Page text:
The provision of justice, past, present and future: This is so simple to write about, and so challenging in reality, but it must be done. Peace follows justice. The failure to resolve decades-old cases does not remove the damage they do to the fabric of society, and as best as possible, they must be addressed, perhaps by setting up special courts to clear the backlog. The whole judicial system, in fact, would need redress.
Land reforms: Too few people own too much land in Pakistan. There is nothing wrong with wealth itself, but an agency that investigates large land holdings for legal propriety, and the privatization of excessive public land holding, not by sale to the highest bidder, but to the most needy, is needed to have hope for future stability. Moreover, the state cannot relinquish its theoretical monopoly of violence to the local landlord.
Peace with India: With an army less than a sixth of our alleged ‘rival’s’, and an overextended economy, we simply cannot afford aggression towards India. Maintaining a viable defense force, and strictly a defensive force is the only way forward. We should be hoping to compete, not in how many guns we can point at them, but how educated and well-fed our people are compared to our neighbors.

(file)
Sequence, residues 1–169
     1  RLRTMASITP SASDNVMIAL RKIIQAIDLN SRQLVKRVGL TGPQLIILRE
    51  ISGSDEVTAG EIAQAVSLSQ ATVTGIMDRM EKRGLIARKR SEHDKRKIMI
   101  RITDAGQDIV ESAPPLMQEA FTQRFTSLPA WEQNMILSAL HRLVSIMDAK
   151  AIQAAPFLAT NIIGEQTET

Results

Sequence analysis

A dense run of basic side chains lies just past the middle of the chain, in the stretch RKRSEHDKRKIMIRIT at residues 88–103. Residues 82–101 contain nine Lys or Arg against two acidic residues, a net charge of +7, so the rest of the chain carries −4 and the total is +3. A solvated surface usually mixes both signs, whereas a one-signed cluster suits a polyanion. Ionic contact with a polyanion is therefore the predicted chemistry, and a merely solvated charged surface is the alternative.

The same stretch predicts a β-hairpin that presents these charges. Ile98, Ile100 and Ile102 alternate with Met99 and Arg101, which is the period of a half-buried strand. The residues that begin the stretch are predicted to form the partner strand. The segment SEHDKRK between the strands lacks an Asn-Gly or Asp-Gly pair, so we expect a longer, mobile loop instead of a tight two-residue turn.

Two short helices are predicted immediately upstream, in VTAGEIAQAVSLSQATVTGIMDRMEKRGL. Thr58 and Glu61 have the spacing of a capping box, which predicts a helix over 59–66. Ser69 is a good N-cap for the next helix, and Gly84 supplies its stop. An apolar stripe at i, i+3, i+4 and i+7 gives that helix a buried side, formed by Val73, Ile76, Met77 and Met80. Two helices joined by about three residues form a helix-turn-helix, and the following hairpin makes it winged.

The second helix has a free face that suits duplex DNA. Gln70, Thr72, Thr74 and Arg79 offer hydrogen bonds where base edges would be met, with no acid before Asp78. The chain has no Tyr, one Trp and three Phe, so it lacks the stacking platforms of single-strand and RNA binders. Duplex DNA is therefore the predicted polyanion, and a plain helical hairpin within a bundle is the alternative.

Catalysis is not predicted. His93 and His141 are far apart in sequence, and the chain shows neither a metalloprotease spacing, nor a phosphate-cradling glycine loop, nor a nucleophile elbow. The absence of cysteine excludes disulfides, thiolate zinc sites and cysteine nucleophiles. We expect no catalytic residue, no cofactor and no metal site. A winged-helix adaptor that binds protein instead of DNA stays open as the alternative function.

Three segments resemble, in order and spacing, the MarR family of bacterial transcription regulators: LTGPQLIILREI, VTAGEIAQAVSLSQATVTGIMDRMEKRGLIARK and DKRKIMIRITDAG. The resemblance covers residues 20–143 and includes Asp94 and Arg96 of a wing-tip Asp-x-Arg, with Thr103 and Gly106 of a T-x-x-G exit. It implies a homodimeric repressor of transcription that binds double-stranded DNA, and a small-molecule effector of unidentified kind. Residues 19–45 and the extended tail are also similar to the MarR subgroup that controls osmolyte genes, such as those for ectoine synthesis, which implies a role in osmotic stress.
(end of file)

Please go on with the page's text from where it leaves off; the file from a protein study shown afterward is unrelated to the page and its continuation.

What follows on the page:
Politician Accountability: This means following up on the work NAB started early during the Musharraf era (which he claimed in his book was too politically difficult for him to continue), punishing those found guilty, etc. It is also unacceptable for politicians to keep their wealth, residences, and children abroad. If our leaders don’t signal confidence in Pakistan, and if they have a comfortable exit option, how can we expect them to be fully committed to the country?
This is surely a tiny fraction of what needs to happen. Feel free to add your thoughts in the Comments section below.
Ali Hasanain studied mathematics and economics at the Lahore University of Management Sciences. He is currently completing his PhD in experimental economics at George Mason University.